How Muslims understand recent comments by US officials

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How Muslims understand recent comments by US officials

By Harold Rhode, JNS

When Westerners condemn the behavior of foreign countries and non-state actors, Middle Eastern leaders interpret this to mean that those issuing the statements are not prepared to act.

The Western concept of “negotiations” is alien to the Muslim world. Westerners talk, hint at things, exchange ideas and try to reach agreements, often by conceding on certain issues in order to obtain others.

Such “give and take” is foreign in the Islamic world, where concessions denote weakness. Islamic states take whatever “concessions” they’re offered as “freebies.” For them, the only purpose of talks is for the victors to impose their will on the vanquished.

When Western representatives condemn the behavior of foreign countries and non-state actors, Middle Eastern leaders interpret this to mean that those issuing the statements are not prepared to act. Experience has taught them that public statements are—as it is said in Persian, Turkish and Arabic—“empty words,” which constitute a license to do what they want with impunity. And history has repeatedly proven them right.

U.S. Secretary of State Antony Blinken, White House press secretary Jen Psaki and others serving the Biden administration have been playing right into the hands of America’s enemies.

In his official remarks on Aug. 30 about the situation in Afghanistan, Blinken stated: “The Taliban has made a commitment to prevent terrorist groups from using Afghanistan as a base for external operations that could threaten the United States or our allies, including Al-Qaeda and the Taliban’s sworn enemy, ISIS-K … we will hold them accountable to that commitment. But while we have expectations of the Taliban, that doesn’t mean we will rely on the Taliban. We’ll remain vigilant in monitoring threats ourselves. And we’ll maintain robust counterterrorism capabilities in the region to neutralize those threats, if necessary, as we demonstrated in the past few days by striking ISIS facilitators and imminent threats in Afghanistan—and as we do in places around the world where we do not have military forces on the ground.”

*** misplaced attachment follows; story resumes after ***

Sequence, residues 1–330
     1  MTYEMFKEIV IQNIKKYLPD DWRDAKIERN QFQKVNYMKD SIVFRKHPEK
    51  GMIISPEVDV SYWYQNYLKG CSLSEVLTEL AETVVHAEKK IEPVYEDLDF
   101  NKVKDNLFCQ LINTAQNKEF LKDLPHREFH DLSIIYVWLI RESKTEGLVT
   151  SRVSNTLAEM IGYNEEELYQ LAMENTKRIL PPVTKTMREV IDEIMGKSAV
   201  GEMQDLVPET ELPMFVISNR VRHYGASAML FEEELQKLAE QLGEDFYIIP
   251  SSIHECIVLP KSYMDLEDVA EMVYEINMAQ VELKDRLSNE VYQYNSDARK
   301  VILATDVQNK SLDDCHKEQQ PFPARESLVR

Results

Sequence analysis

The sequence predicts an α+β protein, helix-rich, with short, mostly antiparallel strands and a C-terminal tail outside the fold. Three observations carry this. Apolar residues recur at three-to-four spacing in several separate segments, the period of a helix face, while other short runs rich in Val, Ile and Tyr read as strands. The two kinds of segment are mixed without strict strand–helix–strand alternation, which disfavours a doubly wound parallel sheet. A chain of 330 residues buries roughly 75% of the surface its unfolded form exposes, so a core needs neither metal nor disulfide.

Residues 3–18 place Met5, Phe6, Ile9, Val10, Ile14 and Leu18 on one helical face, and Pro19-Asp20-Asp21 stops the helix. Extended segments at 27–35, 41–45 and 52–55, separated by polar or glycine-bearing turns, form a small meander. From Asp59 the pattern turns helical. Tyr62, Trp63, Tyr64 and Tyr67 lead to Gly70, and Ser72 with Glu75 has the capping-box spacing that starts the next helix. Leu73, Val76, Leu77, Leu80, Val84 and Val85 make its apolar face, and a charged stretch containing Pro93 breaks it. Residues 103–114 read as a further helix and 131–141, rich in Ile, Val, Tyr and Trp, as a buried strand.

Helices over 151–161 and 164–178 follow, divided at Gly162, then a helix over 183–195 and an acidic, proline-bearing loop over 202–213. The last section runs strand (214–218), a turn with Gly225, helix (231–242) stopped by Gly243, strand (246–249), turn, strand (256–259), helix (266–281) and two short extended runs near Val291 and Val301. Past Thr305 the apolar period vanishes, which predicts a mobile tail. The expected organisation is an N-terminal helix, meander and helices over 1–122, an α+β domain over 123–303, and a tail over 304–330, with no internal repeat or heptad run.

He further said, “The Taliban seeks international legitimacy and support. Our message is: Any legitimacy and any support will have to be earned.”

The Taliban not only mocked him for his “empty words,” but were fully aware of their absurdity. It knows that China, Iran and maybe Russia will come to its aid, and that Moscow and Beijing will block any moves against it at the United Nations.

Moreover, the Taliban now has an endless supply of military equipment, as well as huge amounts of cash, which the Biden administration left behind when it absconded from Afghanistan.

Frustrated young Muslim males throughout the world are thus concluding that the tide of their future is pulling towards joining the Taliban, ISIS, Al-Qaeda and other jihadi groups on the march to convert the globe to Islam. If the West, in general, and the United States, in particular, had any understanding of the above mindset, they would know that the only way to put the jihadi genie back into the bottle is to mercilessly attack and destroy the terrorist organizations.

It would be a serious mistake to fall into the Biden administration’s trap of assuring world that the U.S. is working with the Taliban against ISIS-K to safeguard Kabul’s Hamid Karzai International Airport. How can anyone be sure that the Taliban and ISIS-K didn’t coordinate the suicide attacks there, which left 13 U.S. servicemen dead? After all, this is how such groups normally operate against common enemies.